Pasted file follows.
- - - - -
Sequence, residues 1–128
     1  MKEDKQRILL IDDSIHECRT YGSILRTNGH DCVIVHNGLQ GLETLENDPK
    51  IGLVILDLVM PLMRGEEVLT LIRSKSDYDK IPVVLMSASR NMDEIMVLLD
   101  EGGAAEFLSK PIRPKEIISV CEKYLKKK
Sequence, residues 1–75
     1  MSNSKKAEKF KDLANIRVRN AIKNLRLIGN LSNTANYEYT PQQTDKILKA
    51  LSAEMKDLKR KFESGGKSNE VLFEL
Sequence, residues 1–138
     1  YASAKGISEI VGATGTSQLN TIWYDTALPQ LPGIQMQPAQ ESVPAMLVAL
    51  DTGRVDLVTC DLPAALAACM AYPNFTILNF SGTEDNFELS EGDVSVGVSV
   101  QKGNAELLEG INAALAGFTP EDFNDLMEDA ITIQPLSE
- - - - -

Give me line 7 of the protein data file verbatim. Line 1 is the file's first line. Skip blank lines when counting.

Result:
    51  LSAEMKDLKR KFESGGKSNE VLFEL